Connect Technical Report: Land-ice modeling for sea-level prediction Citation Details In-Document Search Title: Land-ice modeling for sea-level prediction Authors: Lipscomb, William H [1] + Show Author Affiliations Los Alamos National Laboratory Publication Date: 2010-06-11 OSTI Identifier: 1172858 Report Number(s): LA-UR-10-04049; LA-UR-10-4049 DOE Contract Number: AC52-06NA25396 Resource Type: Technical Report Research Org: Los Alamos National Laboratory (LANL) Sponsoring Org: DOE Country

  8. Greenland Ice Sheet "Sliding" a Small Contributor to Future Sea-Level

    Broader source: All U.S. Department of Energy (DOE) Office Webpages (Extended Search)

    Rise | U.S. DOE Office of Science (SC) Greenland Ice Sheet "Sliding" a Small Contributor to Future Sea-Level Rise Advanced Scientific Computing Research (ASCR) ASCR Home About Research Facilities Science Highlights Benefits of ASCR Funding Opportunities Advanced Scientific Computing Advisory Committee (ASCAC) Community Resources Contact Information Advanced Scientific Computing Research U.S. Department of Energy SC-21/Germantown Building 1000 Independence Ave., SW Washington, DC

  9. Greenland Ice Sheet "Sliding" a Small Contributor to Future Sea-Level

    Broader source: All U.S. Department of Energy (DOE) Office Webpages (Extended Search)

    Rise | U.S. DOE Office of Science (SC) Greenland Ice Sheet "Sliding" a Small Contributor to Future Sea-Level Rise Biological and Environmental Research (BER) BER Home About Research Facilities Science Highlights Searchable Archive of BER Highlights External link Benefits of BER Funding Opportunities Biological & Environmental Research Advisory Committee (BERAC) Community Resources Contact Information Biological and Environmental Research U.S. Department of Energy

  10. Full-physics 3D heterogeneous simulations of electromagnetic induction fields on level and deformed sea ice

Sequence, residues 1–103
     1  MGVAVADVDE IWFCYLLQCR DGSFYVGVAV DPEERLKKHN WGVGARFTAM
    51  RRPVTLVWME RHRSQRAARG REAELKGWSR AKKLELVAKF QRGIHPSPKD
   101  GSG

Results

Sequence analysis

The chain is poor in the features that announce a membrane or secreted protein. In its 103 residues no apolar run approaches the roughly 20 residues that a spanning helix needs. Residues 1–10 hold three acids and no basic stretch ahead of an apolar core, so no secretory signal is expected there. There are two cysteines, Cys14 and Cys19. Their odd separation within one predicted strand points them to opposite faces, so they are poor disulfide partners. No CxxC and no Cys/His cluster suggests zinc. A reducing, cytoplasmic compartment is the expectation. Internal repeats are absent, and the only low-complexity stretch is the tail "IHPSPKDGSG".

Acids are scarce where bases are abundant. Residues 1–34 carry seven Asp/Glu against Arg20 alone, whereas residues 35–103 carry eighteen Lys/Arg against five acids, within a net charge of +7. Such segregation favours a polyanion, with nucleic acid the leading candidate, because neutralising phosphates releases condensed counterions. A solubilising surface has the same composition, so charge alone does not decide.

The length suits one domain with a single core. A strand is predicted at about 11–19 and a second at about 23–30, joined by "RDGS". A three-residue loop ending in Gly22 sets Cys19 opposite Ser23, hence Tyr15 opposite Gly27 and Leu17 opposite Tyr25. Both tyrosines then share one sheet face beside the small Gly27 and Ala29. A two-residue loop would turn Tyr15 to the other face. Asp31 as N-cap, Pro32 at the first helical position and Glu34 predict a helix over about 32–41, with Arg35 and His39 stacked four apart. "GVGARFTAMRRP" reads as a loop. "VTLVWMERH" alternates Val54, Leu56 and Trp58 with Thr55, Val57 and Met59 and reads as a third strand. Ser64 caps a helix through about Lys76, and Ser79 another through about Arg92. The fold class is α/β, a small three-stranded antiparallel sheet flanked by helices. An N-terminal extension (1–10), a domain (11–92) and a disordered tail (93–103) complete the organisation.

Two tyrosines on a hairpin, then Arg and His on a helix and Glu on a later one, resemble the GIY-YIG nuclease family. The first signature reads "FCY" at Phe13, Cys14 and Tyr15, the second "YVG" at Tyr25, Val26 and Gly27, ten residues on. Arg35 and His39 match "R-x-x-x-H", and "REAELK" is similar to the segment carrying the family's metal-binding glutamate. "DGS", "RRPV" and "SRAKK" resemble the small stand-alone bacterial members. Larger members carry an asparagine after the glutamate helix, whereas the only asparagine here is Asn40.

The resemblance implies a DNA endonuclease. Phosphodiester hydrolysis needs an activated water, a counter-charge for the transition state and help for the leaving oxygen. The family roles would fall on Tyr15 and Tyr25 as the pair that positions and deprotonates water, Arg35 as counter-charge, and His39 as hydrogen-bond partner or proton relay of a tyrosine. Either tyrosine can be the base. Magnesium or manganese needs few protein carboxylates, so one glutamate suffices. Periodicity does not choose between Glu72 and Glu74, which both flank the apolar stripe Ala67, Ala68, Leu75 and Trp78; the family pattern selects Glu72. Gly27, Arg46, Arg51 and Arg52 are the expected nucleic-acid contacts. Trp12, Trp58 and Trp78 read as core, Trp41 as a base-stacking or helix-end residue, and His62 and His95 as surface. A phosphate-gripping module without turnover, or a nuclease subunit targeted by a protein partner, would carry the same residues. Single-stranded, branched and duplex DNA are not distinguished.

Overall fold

DOE Public Access Gateway for Energy & Science Beta (PAGES Beta)

    Samluk, Jesse P.; Geiger, Cathleen A.; Weiss, Chester J.; Kolodzey, James

    2015-10-01

    In this article we explore simulated responses of electromagnetic (EM) signals relative to in situ field surveys and quantify the effects that different values of conductivity in sea ice have on the EM fields. We compute EM responses of ice types with a three-dimensional (3-D) finite-volume discretization of Maxwell's equations and present 2-D sliced visualizations of their associated EM fields at discrete frequencies. Several interesting observations result: First, since the simulator computes the fields everywhere, each gridcell acts as a receiver within the model volume, and captures the complete, coupled interactions between air, snow, sea ice and sea water asmore » a function of their conductivity; second, visualizations demonstrate how 1-D approximations near deformed ice features are violated. But the most important new finding is that changes in conductivity affect EM field response by modifying the magnitude and spatial patterns (i.e. footprint size and shape) of current density and magnetic fields. These effects are demonstrated through a visual feature we define as 'null lines'. Null line shape is affected by changes in conductivity near material boundaries as well as transmitter location. Our results encourage the use of null lines as a planning tool for better ground-truth field measurements near deformed ice types.« less